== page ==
We are striding towards a world in which digital is definitively superimposed on physical reality that surrounds us.
This is also demonstrated by the fact that giants of the likes of Facebook, Apple and others are more or less all betting on augmented reality headsets, intended in their intentions to replace the smartphone as a communication tool Basic. At that point, we will see the Google Maps directions projected directly onto the asphalt, while and instructions for assembling a piece of furniture will be digitally displayed inside.
But it will not only be the more practical aspects of our lives that will change: art is also being influenced by augmented reality, which allows us to create digital works integrated into the physical world. One of the most recent examples is Like Beauty in Flames, the installation in Ar (the acronym stands for Augmented Reality) created for the Guggenheim in Bilbao by Jenny Holzer, neo-conceptual artist famous for i truismi, short phrases displayed on Led panels and protagonists of many of his most famous installations.
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While waiting for the Ar viewers to spread, to admire Holzer’s new augmented reality work, simply download an app (available for iOS e per Android) with which to frame the Guggenheim and see the truisms of the American artist who digitally cover the external walls of the museum, written in English, French, Spanish and Basque. The augmented reality projections appear on the facade in a different way depending on the observation point chosen by the visitor, among the 5 arranged around the museum.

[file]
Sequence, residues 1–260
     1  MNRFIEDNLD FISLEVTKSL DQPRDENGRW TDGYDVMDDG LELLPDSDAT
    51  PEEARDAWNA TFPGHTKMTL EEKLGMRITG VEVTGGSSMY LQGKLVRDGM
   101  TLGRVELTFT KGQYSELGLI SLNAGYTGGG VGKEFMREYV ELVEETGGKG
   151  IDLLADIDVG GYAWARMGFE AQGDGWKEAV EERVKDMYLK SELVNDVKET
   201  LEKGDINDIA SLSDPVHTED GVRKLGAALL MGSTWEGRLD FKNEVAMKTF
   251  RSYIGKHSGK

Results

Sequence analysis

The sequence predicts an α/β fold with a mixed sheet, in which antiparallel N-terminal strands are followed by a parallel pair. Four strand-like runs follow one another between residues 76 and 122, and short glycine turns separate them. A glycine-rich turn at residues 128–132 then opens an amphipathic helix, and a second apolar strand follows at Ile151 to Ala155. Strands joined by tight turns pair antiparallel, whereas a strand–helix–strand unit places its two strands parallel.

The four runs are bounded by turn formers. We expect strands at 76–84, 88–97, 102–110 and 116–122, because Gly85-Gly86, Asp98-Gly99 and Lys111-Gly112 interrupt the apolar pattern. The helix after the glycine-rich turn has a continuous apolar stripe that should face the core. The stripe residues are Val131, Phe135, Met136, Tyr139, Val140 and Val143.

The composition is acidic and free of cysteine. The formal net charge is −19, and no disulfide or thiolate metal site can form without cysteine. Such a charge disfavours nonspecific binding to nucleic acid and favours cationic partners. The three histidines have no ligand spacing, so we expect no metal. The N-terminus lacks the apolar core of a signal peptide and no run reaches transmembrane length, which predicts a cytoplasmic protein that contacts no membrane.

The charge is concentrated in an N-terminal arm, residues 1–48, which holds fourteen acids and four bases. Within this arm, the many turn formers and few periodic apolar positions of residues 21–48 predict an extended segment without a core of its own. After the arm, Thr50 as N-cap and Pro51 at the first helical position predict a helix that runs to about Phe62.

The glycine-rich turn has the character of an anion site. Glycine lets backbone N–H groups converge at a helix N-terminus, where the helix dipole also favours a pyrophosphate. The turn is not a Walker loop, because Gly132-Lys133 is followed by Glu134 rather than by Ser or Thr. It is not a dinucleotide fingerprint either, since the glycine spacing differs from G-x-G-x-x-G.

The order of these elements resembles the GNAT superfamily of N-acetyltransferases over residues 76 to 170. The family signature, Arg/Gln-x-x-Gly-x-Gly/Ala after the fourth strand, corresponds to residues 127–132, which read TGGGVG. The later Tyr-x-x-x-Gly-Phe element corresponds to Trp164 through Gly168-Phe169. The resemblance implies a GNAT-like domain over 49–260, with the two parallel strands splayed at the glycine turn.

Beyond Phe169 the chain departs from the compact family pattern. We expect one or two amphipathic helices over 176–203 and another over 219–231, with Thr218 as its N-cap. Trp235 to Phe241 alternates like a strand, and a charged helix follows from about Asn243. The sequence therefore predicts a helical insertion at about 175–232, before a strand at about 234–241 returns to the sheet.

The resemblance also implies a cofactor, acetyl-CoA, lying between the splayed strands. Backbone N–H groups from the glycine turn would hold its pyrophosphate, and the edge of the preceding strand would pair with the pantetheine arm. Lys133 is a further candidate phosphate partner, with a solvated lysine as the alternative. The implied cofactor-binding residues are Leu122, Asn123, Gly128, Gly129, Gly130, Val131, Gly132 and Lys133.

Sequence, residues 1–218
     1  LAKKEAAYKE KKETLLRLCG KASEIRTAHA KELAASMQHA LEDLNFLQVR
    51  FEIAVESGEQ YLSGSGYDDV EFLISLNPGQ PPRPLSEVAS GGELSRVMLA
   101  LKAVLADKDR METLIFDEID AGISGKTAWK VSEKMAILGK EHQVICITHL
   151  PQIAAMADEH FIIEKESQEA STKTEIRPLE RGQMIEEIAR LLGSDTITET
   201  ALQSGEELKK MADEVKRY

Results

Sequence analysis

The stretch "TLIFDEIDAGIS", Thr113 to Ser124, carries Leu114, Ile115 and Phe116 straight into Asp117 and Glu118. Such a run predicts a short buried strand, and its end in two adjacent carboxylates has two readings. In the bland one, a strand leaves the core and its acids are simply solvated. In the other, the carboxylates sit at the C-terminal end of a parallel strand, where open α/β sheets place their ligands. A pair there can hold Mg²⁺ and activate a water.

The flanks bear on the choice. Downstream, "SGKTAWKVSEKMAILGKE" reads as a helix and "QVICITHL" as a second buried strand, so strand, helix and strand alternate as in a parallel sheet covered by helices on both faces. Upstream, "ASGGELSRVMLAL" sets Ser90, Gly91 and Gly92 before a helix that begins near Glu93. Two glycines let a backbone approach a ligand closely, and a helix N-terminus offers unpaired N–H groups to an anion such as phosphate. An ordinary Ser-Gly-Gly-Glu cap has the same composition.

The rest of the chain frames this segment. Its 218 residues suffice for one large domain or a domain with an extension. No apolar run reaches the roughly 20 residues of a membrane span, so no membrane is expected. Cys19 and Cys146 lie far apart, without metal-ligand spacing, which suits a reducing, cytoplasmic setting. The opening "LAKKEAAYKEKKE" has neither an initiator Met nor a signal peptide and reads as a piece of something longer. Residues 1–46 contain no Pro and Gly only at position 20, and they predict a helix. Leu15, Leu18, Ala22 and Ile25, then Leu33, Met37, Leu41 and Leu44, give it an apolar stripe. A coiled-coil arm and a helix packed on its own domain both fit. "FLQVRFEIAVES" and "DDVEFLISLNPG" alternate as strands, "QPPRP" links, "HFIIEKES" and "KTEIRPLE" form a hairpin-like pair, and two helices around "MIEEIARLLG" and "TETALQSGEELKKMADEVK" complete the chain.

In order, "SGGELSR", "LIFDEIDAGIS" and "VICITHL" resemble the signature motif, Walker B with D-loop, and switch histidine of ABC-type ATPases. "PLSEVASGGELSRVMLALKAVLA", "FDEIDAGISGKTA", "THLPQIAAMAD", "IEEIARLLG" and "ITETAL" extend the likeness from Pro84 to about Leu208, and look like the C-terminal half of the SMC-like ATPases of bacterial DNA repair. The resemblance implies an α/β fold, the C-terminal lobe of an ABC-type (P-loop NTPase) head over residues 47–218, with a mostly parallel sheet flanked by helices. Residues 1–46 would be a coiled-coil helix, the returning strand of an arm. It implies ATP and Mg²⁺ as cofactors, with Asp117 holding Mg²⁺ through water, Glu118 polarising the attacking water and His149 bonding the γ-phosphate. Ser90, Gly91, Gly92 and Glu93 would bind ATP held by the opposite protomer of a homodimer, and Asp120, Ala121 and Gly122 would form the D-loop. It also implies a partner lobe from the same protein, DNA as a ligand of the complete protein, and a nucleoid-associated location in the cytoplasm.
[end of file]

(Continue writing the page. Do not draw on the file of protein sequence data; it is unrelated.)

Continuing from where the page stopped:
Instead, a digital version of the Led panels characteristic of the conceptual artist’s work, creating a column in augmented reality (on which the truisms appear) that moves, wraps around itself and writhes. Again, the experience is different on each of the 3 floors of the museum, modifying the interaction with the architecture based on the point of view of the beholder.
It’s not over, because Like Beauty in Flames (the title comes from poetry Beauty Dies by the Polish Anna Swirszczynska) is also visible wherever you are in the world: after downloading the app, you can project truisms anywhere through the smartphone camera, making them emerge from the house walls or placing them in the open air (finding them in their place every time you pass by).
These are only the first examples, in some ways still pioneering, of the potential of a technology that is fascinating an increasing number of artists and that’s fast also modifying the traditional experience of visits to the museum. And which, above all, seems to have all the credentials to change once again the way we interact with the environment that surrounds us.